Suppose you have decided to take the step towards digitization or increase the scope of your digitization efforts. You will be collecting lots of paper documents, scanning them with Optical Character Recognition (OCR) technology, and maybe (hopefully) indexing them. These expenses can add up, so it is necessary to justify the value they add with the help of an M&A advisor.

Determine the extent of scanning

In the 21st century, we view documents as digital files and scanning as a superior solution, but is it always that simple? For some organizations, it may not make sense to go digital, at least not entirely. Here are some key points to consider determining the scope of your digitization project.

Can you effectively control digital documents after they are created?

Given the proliferation of obscure datasets, it is evident that people do not control the data being created. In many cases, organizations digitize documents without giving adequate thought to how to preserve them after they are created. These have no indexes or metadata, only hundreds of thousands of images with obscure serial numbers, making them both impossible to identify and control.

Does anyone in your company require simultaneous and remote access?

This is an inner concern that fluctuates from organization to organization. If a single person working in a remote office needs access to documents, they may well be content to retrieve them from a shelf.

What is the consultation rate for your documents?

If you have documents with long retention periods, but very low consultation rates, the digital format may not be the most cost-effective solution. In this case, the acid-free paper might suffice.

Three steps to the digitization

If you fail to align your processes and procedures from the start, digitization alone is not the solution to your problems. On the contrary, it can lengthen the list. That’s why you need to address three specific questions.

1. Do we understand our data? What don’t we need?

Have you ever worked for an organization with a large, shared drive filled with a multitude of files categorized into folders that are themselves placed in even more folders? It can be difficult to discover something if you do not understand where to look. No one is responsible. There is no structure, metadata, or process for entering new data. It is real chaos where users save all the files they want, whether they are needed or not.

That’s why you need to make sure you understand your data. Ask yourself these questions:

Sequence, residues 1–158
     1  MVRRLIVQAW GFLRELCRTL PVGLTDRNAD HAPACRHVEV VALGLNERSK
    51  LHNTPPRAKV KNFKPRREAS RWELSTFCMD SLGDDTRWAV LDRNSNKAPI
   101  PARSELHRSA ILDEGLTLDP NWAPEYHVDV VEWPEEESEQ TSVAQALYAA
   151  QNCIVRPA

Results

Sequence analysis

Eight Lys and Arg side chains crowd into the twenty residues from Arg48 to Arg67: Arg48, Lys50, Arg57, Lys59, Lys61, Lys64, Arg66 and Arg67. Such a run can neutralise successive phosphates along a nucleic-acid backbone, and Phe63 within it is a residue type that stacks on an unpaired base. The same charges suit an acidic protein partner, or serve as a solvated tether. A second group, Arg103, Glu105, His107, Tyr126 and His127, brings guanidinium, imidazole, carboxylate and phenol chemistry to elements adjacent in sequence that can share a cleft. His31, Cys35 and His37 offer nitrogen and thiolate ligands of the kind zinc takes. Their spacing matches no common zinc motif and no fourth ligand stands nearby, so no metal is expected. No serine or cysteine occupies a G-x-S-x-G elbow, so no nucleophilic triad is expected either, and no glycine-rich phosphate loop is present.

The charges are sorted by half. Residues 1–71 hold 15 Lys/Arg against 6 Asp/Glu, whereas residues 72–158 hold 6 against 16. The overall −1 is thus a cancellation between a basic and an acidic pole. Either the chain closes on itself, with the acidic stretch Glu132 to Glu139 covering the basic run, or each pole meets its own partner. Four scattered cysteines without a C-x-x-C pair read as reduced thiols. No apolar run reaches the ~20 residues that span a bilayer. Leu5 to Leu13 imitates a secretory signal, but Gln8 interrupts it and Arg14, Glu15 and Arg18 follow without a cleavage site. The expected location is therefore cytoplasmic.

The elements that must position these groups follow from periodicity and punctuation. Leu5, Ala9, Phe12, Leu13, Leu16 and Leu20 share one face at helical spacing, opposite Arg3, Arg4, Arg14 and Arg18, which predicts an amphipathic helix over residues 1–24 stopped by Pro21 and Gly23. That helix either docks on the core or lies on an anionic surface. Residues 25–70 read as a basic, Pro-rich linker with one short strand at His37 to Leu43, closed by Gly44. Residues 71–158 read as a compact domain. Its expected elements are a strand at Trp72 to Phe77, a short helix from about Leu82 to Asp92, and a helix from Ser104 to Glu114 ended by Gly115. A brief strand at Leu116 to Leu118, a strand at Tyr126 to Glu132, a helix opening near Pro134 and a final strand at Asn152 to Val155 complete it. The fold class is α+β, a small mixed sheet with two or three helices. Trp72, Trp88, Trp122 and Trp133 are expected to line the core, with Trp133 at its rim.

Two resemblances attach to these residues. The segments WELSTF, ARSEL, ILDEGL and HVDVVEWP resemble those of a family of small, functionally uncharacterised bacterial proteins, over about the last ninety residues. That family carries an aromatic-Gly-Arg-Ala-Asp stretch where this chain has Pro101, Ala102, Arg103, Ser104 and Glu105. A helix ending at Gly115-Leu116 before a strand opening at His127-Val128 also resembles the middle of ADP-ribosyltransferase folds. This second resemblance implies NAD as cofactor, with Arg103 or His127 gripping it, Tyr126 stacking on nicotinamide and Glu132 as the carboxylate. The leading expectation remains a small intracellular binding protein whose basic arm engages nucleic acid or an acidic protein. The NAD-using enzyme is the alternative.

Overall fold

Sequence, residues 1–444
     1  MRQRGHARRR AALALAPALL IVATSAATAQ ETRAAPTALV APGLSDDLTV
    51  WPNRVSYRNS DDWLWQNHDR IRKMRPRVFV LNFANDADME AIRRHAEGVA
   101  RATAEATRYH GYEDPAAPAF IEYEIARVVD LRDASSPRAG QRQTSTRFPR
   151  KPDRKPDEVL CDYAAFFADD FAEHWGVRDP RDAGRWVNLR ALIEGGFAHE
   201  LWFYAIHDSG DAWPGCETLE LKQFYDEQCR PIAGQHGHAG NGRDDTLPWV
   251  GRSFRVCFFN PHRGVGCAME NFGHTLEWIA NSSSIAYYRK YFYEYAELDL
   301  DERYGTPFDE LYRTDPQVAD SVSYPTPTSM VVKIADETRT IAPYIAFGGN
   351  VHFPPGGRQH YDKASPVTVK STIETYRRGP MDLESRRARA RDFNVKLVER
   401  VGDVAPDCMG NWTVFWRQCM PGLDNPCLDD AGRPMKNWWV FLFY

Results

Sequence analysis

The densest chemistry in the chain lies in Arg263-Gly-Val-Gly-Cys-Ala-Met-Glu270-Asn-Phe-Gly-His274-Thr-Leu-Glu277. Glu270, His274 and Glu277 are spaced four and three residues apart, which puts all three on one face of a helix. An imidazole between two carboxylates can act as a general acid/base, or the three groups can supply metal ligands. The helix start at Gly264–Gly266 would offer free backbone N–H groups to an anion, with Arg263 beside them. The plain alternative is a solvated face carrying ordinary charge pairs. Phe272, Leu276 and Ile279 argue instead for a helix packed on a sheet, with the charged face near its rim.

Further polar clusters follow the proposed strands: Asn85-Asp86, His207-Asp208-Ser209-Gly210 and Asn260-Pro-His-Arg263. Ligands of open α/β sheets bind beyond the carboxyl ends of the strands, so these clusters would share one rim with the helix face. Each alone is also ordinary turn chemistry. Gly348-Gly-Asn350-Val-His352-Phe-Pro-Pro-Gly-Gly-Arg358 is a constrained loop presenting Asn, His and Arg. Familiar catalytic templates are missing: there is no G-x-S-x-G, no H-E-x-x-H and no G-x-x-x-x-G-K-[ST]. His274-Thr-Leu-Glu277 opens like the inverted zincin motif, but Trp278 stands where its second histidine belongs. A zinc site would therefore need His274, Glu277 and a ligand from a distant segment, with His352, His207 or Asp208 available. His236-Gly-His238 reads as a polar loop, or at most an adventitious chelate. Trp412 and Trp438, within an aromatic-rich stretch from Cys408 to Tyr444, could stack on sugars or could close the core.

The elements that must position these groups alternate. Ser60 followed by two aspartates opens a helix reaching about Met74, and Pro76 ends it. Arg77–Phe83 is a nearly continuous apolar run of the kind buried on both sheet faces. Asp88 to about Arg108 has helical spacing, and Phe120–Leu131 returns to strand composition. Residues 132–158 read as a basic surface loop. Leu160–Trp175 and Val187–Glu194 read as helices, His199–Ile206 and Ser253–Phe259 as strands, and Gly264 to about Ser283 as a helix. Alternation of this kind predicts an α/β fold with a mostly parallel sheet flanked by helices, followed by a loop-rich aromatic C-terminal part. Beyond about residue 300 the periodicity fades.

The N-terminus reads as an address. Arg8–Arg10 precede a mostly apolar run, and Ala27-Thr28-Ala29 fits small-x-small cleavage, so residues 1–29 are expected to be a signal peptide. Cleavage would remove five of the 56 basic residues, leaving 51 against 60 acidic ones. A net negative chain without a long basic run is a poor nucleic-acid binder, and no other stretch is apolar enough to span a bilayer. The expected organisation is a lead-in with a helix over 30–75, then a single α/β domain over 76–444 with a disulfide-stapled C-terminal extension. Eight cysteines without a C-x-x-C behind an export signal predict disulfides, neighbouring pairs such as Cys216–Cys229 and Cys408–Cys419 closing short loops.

• Do we know what data we have and where it is stored?
  • Do we have a metadata or indexing system in place?
  • What is the value of the documents for the company?
  • What regulatory compliance burden applies to data?
  • How long do we need to keep the information?

Do we need to do complete digitization of all our documents, or will partial digitization better meet our needs?

2. What effect might migration have?

Another element must be considered before even migrating your data for the first time. In ten years, or maybe even in five years, you will have to migrate this data again to the next version of the repository you have chosen.

This might leave you between a hard place and a rock. Data migration is expensive, and you might not be ready to pay that cost. But your business may be part of a regulated industry that requires you to retain certain types of information for a specified period. In many cases, organizations have two systems: a state-of-the-art solution and an older solution that needs to be maintained because the data still has value or is subject to a regulatory requirement.

You must be prepared to think of two systems in advance.

3. Can a specific solution meet our needs?

The answer to this question depends on the two previous points.

If you do not know what your needs are, how can you choose a technology that meets them? All technology has advantages and disadvantages and comes with constant risks and challenges. Finding a balance between risk and need is an essential exercise, and it is not easy. Most people hope that the next generation of technology (whether it’s an imaging system, cloud computing, or the next popular tech) will be easy to use. Unfortunately, there is no easy solution.

What people end up doing is buying first and then implementing. They then discover that their very expensive technological installation has failed.

Plan first, implement later

Technology is not the solution. Your planning process is. Technologies are designed to solve a particular set of problems, which may not be the ones you face.

Don’t spend money until you fully understand your own needs and have done proper planning. An information governance advisor can educate you on regulatory requirements and help you eliminate redundant, outdated, or trivial information through M&A advisory.

Technology spending should happen at the very end of the digitization process, not at the beginning. Once you have done your due diligence, you’ll be able to tell whether technology is right for you or not. To determine if digitization is the solution, you must:

  • think about your metadata.
  • perform full indexing of the data you want to back up.
  • digitize your data correctly.

Complete these three steps before choosing a scanning solution. If you don’t, you will find you have created a costly mess that not only has no value but also exposes your organization to greater danger than it faced before you started down the path. of digitization.

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